Utility software

Take Control of Mac OS X Backups: Part Two

Editor’s Note: The following article is an excerpt from Take Control of Mac OS X Backups (version 1.1), a $10 electronic book available for download from TidBits Electronic Publishing. In part one, Joe Kissell covered the different approaches you can take for setting up a backup strategy featuring duplicates and archives. Today’s installment looks at when to schedule backups, how many backups you need, and how to backup a small network.

Scheduling Backups

I can say from personal experience that backups are far more likely to happen regularly if your backup software runs automatically on a schedule. And let me be quite clear: regular backups are the only kind that matter. I think it’s fair to state this as a corollary to Murphy’s Law: “The likelihood of suffering data loss increases in direct proportion to the elapsed time since your last backup.” In other words, if you’re performing all your backups manually, the one day you forget (or run out of time) will be the day something goes wrong.

One consideration in choosing a backup schedule is media management. For example, if you’re backing up to a recordable DVD, you must be prepared to insert a blank disc whenever the schedule runs. Swapping media can be an intrusion into your normal routine (especially if that routine involves the frequent use of other discs in the drive you use for backups). On the other hand, if you schedule backups to run when you’re not around, you must always think ahead and make sure the drive has the necessary media ready. If, on the other hand, you’re backing up to a hard disk or network device that can stay connected all the time, this problem occurs less frequently, if at all.

Depending on the speed of your computer, which software you use, and how you configure it, you may find that your computer slows down significantly while backups are running. This could be an argument for scheduling backups for when you’re not using the machine. However, if you do not leave your computer on all the time, you will need to take special care to ensure that it’s on and ready when the backups are scheduled to run.

How often should you back up your computer? And if you’re making both duplicates and archives, how often should you update each?

No single answer is right for everyone, but as a starting point, my rule of thumb is that duplicates should be updated at least as frequently as major changes to your system (such as installing Mac OS X updates or new versions of applications), and archives should be updated every day you make minor changes (receiving e-mail, modifying text documents, and so on). Thus, if you use your computer heavily every day, and often install new or updated software, you might opt for weekly updates of your duplicates and daily updates of your archives. On the other hand, if you use your computer only occasionally, the schedule could become once a month for duplicates and once or twice a week for archives. Under no circumstances do I suggest backing up less frequently than once a month or more frequently than twice a day—the risk is too high in the former case and the aggravation too great in the latter.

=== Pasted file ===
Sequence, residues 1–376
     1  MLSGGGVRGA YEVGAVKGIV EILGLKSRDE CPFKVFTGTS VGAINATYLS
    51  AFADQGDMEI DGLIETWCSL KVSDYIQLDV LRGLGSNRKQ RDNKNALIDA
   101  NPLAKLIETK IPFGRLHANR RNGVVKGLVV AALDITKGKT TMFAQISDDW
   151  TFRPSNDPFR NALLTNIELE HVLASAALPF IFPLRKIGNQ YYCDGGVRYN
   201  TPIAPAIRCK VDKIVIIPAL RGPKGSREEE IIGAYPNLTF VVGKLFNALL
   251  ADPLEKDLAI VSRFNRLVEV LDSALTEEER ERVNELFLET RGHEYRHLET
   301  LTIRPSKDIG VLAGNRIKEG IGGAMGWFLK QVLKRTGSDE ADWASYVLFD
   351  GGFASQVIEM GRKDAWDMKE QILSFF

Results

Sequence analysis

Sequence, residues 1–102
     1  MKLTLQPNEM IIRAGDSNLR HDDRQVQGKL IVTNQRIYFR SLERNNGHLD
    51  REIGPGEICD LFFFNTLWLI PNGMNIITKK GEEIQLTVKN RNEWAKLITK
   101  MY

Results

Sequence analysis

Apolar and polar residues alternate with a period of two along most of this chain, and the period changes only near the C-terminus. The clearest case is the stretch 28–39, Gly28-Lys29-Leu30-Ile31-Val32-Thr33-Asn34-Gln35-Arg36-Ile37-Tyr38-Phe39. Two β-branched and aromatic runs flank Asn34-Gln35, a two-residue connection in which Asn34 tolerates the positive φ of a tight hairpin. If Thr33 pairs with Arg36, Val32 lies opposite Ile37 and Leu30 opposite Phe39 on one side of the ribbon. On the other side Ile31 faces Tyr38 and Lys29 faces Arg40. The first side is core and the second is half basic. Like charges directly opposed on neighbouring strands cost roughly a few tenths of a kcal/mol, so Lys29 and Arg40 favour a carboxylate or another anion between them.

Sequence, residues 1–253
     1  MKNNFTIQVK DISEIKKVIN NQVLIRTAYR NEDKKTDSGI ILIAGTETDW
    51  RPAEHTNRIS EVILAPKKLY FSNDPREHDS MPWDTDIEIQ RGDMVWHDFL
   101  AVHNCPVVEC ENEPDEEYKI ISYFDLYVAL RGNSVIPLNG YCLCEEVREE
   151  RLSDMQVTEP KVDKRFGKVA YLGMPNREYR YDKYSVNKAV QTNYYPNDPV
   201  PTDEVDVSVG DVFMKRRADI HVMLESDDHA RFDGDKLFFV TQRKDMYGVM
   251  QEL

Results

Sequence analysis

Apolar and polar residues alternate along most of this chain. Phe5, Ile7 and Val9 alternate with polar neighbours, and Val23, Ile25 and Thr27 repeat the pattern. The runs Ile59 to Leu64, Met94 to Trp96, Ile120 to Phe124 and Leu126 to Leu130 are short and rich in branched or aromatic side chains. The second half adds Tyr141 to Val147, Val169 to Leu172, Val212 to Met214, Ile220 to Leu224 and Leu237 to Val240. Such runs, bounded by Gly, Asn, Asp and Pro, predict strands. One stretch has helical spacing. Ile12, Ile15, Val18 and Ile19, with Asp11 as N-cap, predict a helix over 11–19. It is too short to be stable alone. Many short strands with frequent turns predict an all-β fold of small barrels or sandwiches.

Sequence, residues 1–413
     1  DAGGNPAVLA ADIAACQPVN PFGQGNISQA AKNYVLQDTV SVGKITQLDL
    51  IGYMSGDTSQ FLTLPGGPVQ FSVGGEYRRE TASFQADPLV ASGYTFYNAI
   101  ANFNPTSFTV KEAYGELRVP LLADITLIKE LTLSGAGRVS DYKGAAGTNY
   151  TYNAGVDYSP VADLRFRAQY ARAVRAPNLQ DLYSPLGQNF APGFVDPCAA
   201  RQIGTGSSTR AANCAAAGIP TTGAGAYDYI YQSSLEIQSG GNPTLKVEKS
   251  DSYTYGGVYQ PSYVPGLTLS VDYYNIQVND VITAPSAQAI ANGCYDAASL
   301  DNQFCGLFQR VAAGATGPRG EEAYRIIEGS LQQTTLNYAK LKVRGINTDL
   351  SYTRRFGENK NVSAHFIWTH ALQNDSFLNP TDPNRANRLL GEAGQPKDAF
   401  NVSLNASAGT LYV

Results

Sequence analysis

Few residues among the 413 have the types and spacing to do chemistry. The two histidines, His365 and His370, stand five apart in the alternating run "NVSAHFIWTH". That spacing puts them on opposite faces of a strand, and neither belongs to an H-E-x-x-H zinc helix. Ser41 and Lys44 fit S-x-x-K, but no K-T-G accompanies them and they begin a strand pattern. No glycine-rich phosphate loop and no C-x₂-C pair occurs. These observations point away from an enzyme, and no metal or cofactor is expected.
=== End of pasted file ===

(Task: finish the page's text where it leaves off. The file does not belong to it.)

( Tip: Always update your duplicate just before installing system software updates. That way, if the new version of the software contains any serious problems, you can easily roll back your system to its previous state.)

There may be some cases in which you could not afford to lose even a half-day’s work in the event of a serious problem, making twice-daily archives seem inadequate. If you’re working on an important document, there’s nothing wrong with copying it to another volume once per hour or as often as you feel it’s necessary—or scheduling your backup software or a synchronization utility to do so for you. But updating an entire archive that frequently is likely to slow down your work.

Keeping Multiple Backups

A sound backup strategy always includes backups of your backups! Picture this: you’ve diligently backed up your computer’s internal hard disk to an external drive. Then one day, lightning strikes and both drives are damaged—or your home is robbed and all your equipment stolen. So much for your backup. Backup media can fail for all the same reasons your hard drive can fail. So having just one backup, in my opinion, is never enough. You should alternate between two or more sets of backup media for greater safety. If you’ve set up your backups to run on a schedule, this might mean using set A (a hard drive or a stack of CDs) every day for a week, then switching to set B (a different drive or stack of CDs) for each day of the following week, then switching back—and so on.

So are two sets enough? It depends. Most experts recommend using at least three sets, of which one is always stored off-site. But this advice was first given in the days when the media commonly used for backups was much less reliable than what’s available today. And the cost of three sets of media—especially if you’re talking about hard drives—can be hard to swallow for the average home or small-business Mac user.

In my opinion, except for mission-critical business use, two sets each of duplicates and archives should be adequate for most users. If you back up to hard drives, this can mean two drives, each of which is partitioned to store both a duplicate and an archive. Of course, if you can afford a third set, your data will be somewhat safer—and your backup routine will be somewhat easier. In any case, you certainly should keep one of those sets in another location all the time.

Subscribe to the Help Desk Newsletter

Comments